Justin Marsh, as Anthony — the romantic lead in a thoroughly unromantic musical — performed miraculously, every note in place, every word clear, overcoming the pitfalls of electronics. His love interest, Johanna, sung by the young and talented Maya Kherani, struggled with the difficult tessitura, and registered near zero on the diction meter; for this fan of the singer, her performance was a disappointment, but I hope for a bright future in other, more suitable roles.

 

Phil Lowery's stage direction moved principals smoothly, but got bogged down a few times in crowd scenes. Michael Morris' Judge Turpin, Bobby Bryce's Tobias, and Bill Welch's Pirelli were excellent. Mia Fryvecind Gimenez's Beggar Woman was especially memorably, in singing and acting.

At the end, to this Sondheim fan — no, maniac — the most important element of the show was Kujawsky's musical direction and the storming-enchanting Redwood Symphony. May they do more Sondheim.

 

Speaking of the future, check out the orchestra's next season: Enesco, Riegger (!), Strauss, Scott, Holst, Ligeti, Adams, Gottschalk, Schnittke, Shostakovich ... an amazing lineup, its adventurousness putting to shame some "big-city" orchestras.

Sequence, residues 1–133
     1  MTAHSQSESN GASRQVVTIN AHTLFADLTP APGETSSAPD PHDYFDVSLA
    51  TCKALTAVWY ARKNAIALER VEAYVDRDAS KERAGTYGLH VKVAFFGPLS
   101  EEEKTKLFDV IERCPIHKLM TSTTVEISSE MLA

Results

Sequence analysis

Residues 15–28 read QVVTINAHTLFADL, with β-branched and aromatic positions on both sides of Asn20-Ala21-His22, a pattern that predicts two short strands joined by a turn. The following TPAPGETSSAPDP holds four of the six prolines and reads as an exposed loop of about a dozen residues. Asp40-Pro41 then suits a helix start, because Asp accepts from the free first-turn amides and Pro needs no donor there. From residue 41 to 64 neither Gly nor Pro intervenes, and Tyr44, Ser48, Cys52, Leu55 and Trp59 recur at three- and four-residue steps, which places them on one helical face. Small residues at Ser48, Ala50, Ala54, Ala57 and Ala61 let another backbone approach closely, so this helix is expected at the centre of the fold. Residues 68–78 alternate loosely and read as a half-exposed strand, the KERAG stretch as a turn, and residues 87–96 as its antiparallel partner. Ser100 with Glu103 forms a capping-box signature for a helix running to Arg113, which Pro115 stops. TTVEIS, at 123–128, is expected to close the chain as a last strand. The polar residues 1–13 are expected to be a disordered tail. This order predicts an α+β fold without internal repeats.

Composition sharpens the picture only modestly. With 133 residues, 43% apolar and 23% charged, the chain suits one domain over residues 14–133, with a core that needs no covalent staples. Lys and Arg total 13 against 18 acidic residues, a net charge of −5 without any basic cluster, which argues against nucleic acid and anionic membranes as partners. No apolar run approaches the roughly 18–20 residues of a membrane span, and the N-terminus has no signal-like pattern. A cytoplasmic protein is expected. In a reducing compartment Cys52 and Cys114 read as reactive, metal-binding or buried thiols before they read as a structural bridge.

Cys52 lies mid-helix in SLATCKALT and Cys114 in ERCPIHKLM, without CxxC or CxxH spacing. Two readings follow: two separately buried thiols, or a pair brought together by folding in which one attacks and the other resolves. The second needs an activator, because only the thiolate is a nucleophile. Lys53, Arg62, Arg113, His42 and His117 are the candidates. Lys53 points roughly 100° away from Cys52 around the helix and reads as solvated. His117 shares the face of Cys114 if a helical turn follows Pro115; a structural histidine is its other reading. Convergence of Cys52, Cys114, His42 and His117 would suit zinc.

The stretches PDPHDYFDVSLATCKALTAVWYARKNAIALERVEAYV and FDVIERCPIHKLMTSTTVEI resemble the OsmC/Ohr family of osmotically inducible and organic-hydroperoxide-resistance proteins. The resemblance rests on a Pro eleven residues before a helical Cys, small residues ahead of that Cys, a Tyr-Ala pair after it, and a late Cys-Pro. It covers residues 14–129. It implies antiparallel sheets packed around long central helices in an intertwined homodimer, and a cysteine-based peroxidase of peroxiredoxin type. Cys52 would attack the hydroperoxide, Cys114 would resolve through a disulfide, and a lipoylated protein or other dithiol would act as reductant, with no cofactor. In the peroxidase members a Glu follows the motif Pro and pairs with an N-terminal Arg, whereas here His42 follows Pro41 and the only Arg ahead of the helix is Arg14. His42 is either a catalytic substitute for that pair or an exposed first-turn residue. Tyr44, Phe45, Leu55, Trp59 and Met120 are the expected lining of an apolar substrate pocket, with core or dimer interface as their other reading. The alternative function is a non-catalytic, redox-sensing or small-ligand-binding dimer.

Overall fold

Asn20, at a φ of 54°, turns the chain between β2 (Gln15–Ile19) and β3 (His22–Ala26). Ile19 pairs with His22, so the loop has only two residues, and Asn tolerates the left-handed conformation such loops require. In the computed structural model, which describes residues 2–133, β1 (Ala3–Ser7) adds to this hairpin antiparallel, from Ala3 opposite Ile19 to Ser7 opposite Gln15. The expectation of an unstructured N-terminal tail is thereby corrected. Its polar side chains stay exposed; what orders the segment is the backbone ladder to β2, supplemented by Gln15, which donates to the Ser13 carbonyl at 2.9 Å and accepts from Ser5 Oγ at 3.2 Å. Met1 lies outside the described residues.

The San Mateo Daily Journal

April 15, 2008

 Redwood Symphony’s Kujawsky tames Mahler

By Keith Kreitman

 

I once wrote that Dr. Eric Kujawsky and the Redwood Symphony doing Mahler is not a concert. It’s an event. I have found no reason to modify that musical judgment.

That’s because wrestling Gustav the Great to the mat escapes all but a few conductors and Kujawsky has been the local champion in my time. He has already staged all 11 symphonies and is in the process of recycling.

 

And Symphony No. 3 may be the ultimate Mahler match for any conductor.

Clocking in at an hour and 40 minutes at a Sunday afternoon concert in the auditorium at Canada College, almost four times the conventional length of most symphonies, with six instead of four movements, this becomes a test of endurance for both the audience and orchestra. And if this monumental work hadn’t been so darn captivating, I would have thrown in the towel and clocked myself out early.